Object: Pate (slit drum)
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|Title||Pate (slit drum)|
|Classification||musical instruments, slit drums|
x 466mm (Length)
x 82mm (Width/Depth)
|Credit line||Purchased unknown date|
This wooden pate (slit drum) is from the Cook Islands. On Aitutaki, in the southern Cook Islands, pate are called tokere. When a tini ka'ara (drum ensemble) is being played, the sound of the pate forms part of the main rhythm or beat. When accompanying dance performances, the pate rhythms direct body and hand movements. There are three different types of pate based on size. The smaller the drum, the higher the pitch.
A pate is made by cutting a hardwood branch or tree trunk and removing the bark. A number of holes are drilled in a straight line, then the bits between them are chiselled out to form a long opening. The most important part of the process is working out how much wood should be hollowed out from the centre slit as this, along with the shape of the opening, determines how high or low the pitch of the drum will be.
This pate is one of several items collected in the Cook Islands by Reverend J J K Hutchin of the London Missionary Society and purchased from Mrs Hutchin in 1919.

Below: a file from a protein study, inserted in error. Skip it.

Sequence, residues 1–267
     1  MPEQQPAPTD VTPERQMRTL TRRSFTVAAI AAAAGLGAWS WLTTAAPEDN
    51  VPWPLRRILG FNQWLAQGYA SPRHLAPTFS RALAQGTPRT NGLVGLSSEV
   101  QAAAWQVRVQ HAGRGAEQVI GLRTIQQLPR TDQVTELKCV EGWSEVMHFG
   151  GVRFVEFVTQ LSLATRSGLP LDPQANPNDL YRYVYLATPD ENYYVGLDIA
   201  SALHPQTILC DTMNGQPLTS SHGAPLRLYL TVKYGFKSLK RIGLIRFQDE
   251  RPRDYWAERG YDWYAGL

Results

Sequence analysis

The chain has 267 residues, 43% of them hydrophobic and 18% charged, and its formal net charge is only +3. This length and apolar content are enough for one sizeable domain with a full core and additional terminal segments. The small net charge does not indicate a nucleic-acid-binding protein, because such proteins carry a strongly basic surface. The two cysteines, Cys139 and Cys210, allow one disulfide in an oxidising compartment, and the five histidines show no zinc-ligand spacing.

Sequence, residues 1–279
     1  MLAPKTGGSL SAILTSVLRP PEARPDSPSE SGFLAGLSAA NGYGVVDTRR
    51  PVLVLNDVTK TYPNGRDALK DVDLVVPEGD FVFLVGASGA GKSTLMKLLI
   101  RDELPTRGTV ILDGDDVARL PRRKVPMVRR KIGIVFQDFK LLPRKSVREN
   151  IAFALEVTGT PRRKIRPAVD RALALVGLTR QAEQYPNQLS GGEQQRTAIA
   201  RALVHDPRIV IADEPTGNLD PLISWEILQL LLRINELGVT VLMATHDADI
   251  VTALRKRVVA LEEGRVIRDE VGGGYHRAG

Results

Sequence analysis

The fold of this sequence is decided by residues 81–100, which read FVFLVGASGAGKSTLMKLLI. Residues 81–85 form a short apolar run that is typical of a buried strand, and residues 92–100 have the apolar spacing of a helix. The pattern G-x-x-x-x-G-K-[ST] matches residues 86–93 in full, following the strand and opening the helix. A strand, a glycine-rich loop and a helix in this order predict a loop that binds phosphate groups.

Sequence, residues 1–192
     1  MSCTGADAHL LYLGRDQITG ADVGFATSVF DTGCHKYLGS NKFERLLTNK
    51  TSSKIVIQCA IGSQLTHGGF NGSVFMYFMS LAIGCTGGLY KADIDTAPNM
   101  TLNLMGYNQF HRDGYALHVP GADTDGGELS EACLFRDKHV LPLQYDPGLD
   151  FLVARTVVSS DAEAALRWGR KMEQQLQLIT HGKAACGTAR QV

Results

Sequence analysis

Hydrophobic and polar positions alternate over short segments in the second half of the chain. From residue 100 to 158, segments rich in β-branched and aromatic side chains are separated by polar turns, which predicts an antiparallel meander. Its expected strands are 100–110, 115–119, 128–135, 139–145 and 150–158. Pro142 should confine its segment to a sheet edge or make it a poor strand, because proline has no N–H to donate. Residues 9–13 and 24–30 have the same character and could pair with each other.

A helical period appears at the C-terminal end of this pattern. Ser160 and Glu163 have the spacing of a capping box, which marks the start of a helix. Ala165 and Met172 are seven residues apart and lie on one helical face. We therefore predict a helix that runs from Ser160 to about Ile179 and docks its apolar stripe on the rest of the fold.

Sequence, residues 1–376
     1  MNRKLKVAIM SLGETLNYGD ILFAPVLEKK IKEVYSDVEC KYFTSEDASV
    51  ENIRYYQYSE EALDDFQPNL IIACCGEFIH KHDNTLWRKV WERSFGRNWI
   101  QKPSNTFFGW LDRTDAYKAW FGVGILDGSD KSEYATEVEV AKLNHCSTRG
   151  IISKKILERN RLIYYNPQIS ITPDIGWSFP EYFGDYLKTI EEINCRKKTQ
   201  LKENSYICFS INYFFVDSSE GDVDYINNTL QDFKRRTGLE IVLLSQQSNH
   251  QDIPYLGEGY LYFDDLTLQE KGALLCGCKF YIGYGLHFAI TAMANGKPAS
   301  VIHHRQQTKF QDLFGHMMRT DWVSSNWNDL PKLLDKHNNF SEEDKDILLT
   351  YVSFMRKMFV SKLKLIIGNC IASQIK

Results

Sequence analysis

Results from DigitalNZ
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- Performer playing a Samoan Pate drum. -
- The Wanganui Chronicle, AND Pates-Rangitikei Advertiser. "NULLA DIES SINE LINEA." SATURDAY, MAY 14, 1898. MR CLEMENT WRAGGE. (Wanganui Chronicle, 14 May 1898) -
- Council for Maori and South Pacific Arts (N.Z.) :MASPAC and the Wellington Summer City Festival present Pacific Drum Festival, part of the Summer City Festival and Pacific Island Day. Demonstrations of Pacific Island Drum traditions. Fri 27 Jan 1989, 6.30 National Museum Theatrette, Buckle St. Drum / dance / Island cricket Sat 28 Jan 1989, 9am - 6 pm Wellington Rugby League Park, Hall St. -
- Te Vaka -
Disclaimer: This information was created from historic documentation, and may not necessarily reflect the best available knowledge about the item. Some collection images are created for identification purposes only and may not be of reproduction quality. Some images are not available due to copyright restrictions. If you have information or questions about objects in the collection, contact us using our enquiry form. You can also find out more about Collections Online.